Lupus Anticoagulant Antibodies and Repeated Miscarriage

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If you've tested positive for lupus anticoagulant antibodies, you likely want to know what effect this will have on a pregnancy or if the condition played a role in a previous miscarriage.

Better your understanding of this diagnosis with this review, which includes the risks and possible treatments for this condition.

What a Positive Lupus Anticoagulant Antibodies Test Means

Lupus anticoagulant antibodies are one of the markers for antiphospholipid syndrome, a disorder in which the body creates antibodies against phospholipids (normal components of human blood cells). Accordingly, lupus anticoagulant and other antiphospholipid antibodies can cause tiny blood clots that can lead to pregnancy complications, including miscarriage.

A person will usually have no symptoms of having lupus anticoagulant antibodies but might have a recurrent miscarriage or blood clots.

Testing for Lupus Anticoagulant Antibodies

Doctors do not test directly for lupus anticoagulants but make the diagnosis based on the results of one or more of the following laboratory tests:

  • Partial Thromboplastin Time (PTT)
  • Dilute or Modified Russell's Viper Venom Test (dRVVT or MRVVT)
  • Prothrombin Time (PT)
  • Kaolin Plasma Clotting Time (KCT)

If tests return with abnormal values, your doctor may order follow-up tests to confirm the abnormalities and be sure that the unusual results were not due to lab contamination or other clotting abnormalities.

Miscarriage is a devastating occurrence for women hoping to be mothers. Many women want answers as to why they've experienced recurrent pregnancy loss. While the finding of lupus anticoagulant antibodies may give answers to some women, others will test negative for these antibodies and once again desperately seek answers about why they can't carry a baby to term.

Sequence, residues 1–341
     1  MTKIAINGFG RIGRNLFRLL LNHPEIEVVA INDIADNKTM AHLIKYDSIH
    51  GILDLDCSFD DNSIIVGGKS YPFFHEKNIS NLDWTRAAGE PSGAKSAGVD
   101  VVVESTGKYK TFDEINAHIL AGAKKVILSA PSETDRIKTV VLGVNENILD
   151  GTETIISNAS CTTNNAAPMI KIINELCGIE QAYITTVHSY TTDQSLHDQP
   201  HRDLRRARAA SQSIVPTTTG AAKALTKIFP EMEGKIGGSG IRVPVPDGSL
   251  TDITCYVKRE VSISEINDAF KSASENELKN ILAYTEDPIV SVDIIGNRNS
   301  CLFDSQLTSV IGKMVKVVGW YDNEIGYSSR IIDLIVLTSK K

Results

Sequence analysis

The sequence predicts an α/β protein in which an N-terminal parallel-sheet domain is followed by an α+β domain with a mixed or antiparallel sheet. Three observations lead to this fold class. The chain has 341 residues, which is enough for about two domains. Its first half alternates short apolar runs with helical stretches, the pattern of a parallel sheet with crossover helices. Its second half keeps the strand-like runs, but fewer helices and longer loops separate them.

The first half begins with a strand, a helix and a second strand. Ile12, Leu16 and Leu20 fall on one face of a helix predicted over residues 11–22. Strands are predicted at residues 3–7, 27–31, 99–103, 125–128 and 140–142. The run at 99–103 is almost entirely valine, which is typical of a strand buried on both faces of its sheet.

Unfortunately, some of these women may never get the answers they seek. Others will continue to have blood work done in their quest for an explanation.

If you do test positive for lupus anticoagulant antibodies, however, your doctor will let you know the next steps you can take.

Treatment for Women With Lupus Anticoagulant Antibodies

Despite the name, people with lupus anticoagulant antibodies do not necessarily have systemic lupus erythematosus, the disorder is commonly known as lupus, although people with that disorder may have lupus anticoagulants. Lupus anticoagulant antibodies may occur in people with numerous types of autoimmune diseases but may also occur in those with no known cause.

If you receive a diagnosis of lupus anticoagulant antibodies (or antiphospholipid syndrome) from an OB/GYN as a part of recurrent miscarriage testing, be sure to ask your doctor whether you might need to follow up with a general practitioner or specialist for monitoring.

For women with a diagnosis of antiphospholipid syndrome resulting from positive lupus anticoagulants, the treatment is usually low-dose or "baby" aspirin or heparin injections during pregnancy. This treatment appears to improve the odds of a good pregnancy outcome.

Talk with your doctor about the treatment options available to you and if she thinks these treatments will allow you to carry a baby to term. Ask your doctor if you might have any other medical conditions that will make it difficult for you to have a successful pregnancy and which tests or exams might uncover these conditions.

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  • Empson, M., M. Lassere, J. Craig, and J. Scott, "Prevention of Recurrent Miscarriage for Women With Antiphospholipid Antibody or Lupus Anticoagulant." Cochrane Database of Systemic Reviews 2005. 

  • Lupus Anticoagulant Working Party, "Guidelines on Testing for the Lupus Anticoagulant." Journal of Clinical Pathology 1991:885-89. 

  • American Association for Clinical Chemistry, "Lupus Anticoagulant: At a Glance." LabTestsOnline 23 May 2007. 
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